CREDO Tip: 15 ways to save energy and money this summer
People were cooler in the ’80s. Literally. The last time the global monthly temperature was below average was February 1985. Which means that if you were born after that date, you have not enjoyed a cooler-than-average month in your entire life.
Climate change is the most urgent existential problem facing our planet. That’s why we mobilize our millions of CREDO members to take action on climate justice issues and support groups like 350.org, Rainforest Action Network, and Earthjustice through our CREDO donations program.
Of course, we also try to do our part at home by conserving energy where we can to shrink our carbon footprint. As an added benefit, when we reduce our energy use, we can also save money on our energy bills.
Here are 15 suggestions for saving energy and money this summer.
Use a programmable or smart thermostat.
Programmable and smart thermostats can help regulate energy use by offering pre-programmable settings depending on the time of day. The goal is to realize energy and cost savings without sacrificing comfort. You program in the desired temperature depending on the time of day. Some smart thermostats can also “learn” your heating and cooling habits and adjust the temperature in your home. Here’s a guide on how to use programmable thermostats properly.
Close your curtains.
Shut your curtains or blinds to keep out the heat during the day. Doing this can cut home heat gain by 45%, according to the Department of Energy. Curtains are not as effective as blinds, but even a medium-color curtain with white plastic on the back can cut heat gain by 33%.
Set your AC higher.
If you use air conditioning, set it at the highest temperature you can tolerate comfortably. You’ll save 10% a year on your cooling bill by setting your thermostat 10 to 15 degrees higher for eight hours each day.
Also: AC will not cool a space faster if you crank it to the maximum when you get home. Dialing the thermostat down to 60 won’t get you to 70 any quicker. You’ll just waste extra energy and money.
Get a fan.
If you don’t have a ceiling fan at home, a floor fan will also do a great job of keeping you cool. If you use air conditioning, a good fan will allow you to raise your thermostat 4 degrees with no reduction in comfort, according to Energy.gov, though your personal results may vary.
Make a personal AC.
Put a bowl of ice in front of an electric fan. The fan will blow the cold air in your direction and keep you cool. This uses a lot less energy than air conditioning. And it really is a thing, we didn’t make it up! It actually does work, if only for a short while.
Close doors and vents.
Don’t waste energy cooling rooms you don’t spend time in. Close the doors to these rooms and shut the vents that supply them.
Check seals on windows and doors.
Make sure the seals around your windows and doors are in good shape and provide an air-proof seal. Check the weather stripping and the caulking around the doors and windows, the glazing (the substance that holds the panes of glass in place) and the threshold under each door. If any of these are damaged or are not tight, have them repaired.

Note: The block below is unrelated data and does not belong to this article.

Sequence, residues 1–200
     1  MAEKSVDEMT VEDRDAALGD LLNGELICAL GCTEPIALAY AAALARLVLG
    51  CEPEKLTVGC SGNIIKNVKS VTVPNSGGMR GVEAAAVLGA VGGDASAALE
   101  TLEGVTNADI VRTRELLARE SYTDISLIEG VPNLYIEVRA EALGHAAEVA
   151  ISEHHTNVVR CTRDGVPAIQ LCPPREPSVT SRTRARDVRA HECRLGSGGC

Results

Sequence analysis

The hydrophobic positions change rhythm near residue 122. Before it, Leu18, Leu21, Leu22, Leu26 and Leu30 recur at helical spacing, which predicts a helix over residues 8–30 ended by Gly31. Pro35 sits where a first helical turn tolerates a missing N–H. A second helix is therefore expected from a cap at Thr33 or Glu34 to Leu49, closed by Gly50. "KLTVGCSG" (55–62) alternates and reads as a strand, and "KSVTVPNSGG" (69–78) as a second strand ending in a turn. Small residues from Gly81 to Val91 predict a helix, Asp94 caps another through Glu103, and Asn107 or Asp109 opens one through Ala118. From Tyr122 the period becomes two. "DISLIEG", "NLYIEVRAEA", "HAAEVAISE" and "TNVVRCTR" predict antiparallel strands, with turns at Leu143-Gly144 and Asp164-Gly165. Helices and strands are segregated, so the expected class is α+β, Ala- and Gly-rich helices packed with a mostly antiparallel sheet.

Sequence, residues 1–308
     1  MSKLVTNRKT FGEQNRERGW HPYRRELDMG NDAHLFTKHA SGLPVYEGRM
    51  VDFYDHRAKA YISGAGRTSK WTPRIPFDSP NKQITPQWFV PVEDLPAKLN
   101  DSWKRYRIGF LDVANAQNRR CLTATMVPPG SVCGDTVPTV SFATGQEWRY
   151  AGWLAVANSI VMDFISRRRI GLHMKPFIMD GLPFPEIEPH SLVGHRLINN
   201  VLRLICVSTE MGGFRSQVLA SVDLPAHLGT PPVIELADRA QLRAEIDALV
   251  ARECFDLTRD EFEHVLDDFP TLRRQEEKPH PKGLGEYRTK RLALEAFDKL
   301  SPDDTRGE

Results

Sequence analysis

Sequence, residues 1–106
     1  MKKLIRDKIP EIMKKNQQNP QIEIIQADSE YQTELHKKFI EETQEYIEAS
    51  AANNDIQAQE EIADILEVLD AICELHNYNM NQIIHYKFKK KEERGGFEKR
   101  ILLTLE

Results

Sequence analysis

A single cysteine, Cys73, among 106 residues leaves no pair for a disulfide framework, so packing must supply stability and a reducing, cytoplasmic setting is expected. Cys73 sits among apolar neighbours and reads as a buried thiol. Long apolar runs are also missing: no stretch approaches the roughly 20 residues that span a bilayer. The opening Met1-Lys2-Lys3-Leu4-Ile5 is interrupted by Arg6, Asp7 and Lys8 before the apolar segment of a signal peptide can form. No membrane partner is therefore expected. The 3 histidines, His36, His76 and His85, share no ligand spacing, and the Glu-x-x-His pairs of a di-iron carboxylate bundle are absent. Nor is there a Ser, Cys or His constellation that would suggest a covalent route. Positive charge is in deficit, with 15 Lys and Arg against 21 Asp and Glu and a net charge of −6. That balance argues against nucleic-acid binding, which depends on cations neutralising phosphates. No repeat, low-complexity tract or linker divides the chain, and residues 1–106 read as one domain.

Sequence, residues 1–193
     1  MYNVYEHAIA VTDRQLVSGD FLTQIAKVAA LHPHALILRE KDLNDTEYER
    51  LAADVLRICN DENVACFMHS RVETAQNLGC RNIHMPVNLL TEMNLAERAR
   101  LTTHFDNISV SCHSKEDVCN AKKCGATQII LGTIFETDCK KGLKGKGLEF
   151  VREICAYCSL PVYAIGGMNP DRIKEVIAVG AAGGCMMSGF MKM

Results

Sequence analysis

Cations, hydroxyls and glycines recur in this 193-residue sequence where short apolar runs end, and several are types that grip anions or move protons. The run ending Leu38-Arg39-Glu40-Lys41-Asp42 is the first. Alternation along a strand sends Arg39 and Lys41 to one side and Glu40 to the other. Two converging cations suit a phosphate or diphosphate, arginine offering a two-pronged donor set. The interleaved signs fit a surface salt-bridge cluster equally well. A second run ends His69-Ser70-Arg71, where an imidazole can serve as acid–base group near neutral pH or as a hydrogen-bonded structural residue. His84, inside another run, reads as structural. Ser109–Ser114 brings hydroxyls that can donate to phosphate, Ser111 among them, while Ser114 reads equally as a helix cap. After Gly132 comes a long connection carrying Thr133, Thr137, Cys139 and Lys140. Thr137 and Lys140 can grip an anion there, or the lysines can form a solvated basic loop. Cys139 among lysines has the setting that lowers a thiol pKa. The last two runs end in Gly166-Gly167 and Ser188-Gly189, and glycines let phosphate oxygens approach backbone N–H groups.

If you have a house, plant more trees, shrubs, and bushes around the edges. They not only provide shade, but they also cool the air before it penetrates your walls and windows.
Line dry your clothes.
Clotheslines are making a comeback. And summer, of course, is the best time for line drying. The sun is available and you’ll keep radiant heat from the dryer out of your home.
Also: Air dry your dishes if you have a dishwasher.
Turn off bathroom and kitchen fans.
To keep your bathroom and kitchen ventilation fans from pushing cooled air out of your house, you’ll want to turn them off about 10 minutes after their job is done.
Wash in cold water.
A whopping 90% of the power consumed by your washing machine is used to heat the water for warm-water washing, according to Energy Star. Switch to the cold-water setting and you’ll save energy. But look for a cold-water detergent next time you’re shopping. They actually are formulated to work better in cold water, and the claim is not just marketing.
Turn down your water heater.
Water heating accounts for 15% to 25% of energy consumption in the average home, says the Department of Energy. Turning down the temperature 10 degrees Fahrenheit on your hot water heater saves 3% to 5% on energy costs, so a drop from 140 degrees Fahrenheit to 120 degrees Fahrenheit saves you 6% to 10%.
Use solar lighting outdoors.
Outdoor solar lights have improved markedly from the dim, short-lived lights of years past. Bright LEDs have replaced conventional bulbs and better photovoltaic cells have boosted efficiency. LEDs create light without generating heat, so they run on far less energy and last longer. The lights are simple to install and virtually maintenance free and provide free light for your yard.
Keep your electronics away from your thermostat.
Electronic devices, be they lamps or laptops, generate heat. If you place one of these near your thermostat, it registers the temperature of the room as hotter than it actually is. Consider clearing electronics away from your thermostat. And since all electronics generate heat, make sure you turn them off when not in use. Even better, unplug them!
Clear debris around your air conditioner.
Check the outside area around your air conditioner and make sure it is clear of any debris. Maintaining clean and clear vents ensures the best possible ventilation.
Finally, remember to check out CREDO Energy, the new progressive power in renewables. Sign up and you’ll help the environment by offsetting your home’s carbon footprint with clean, renewable energy credits.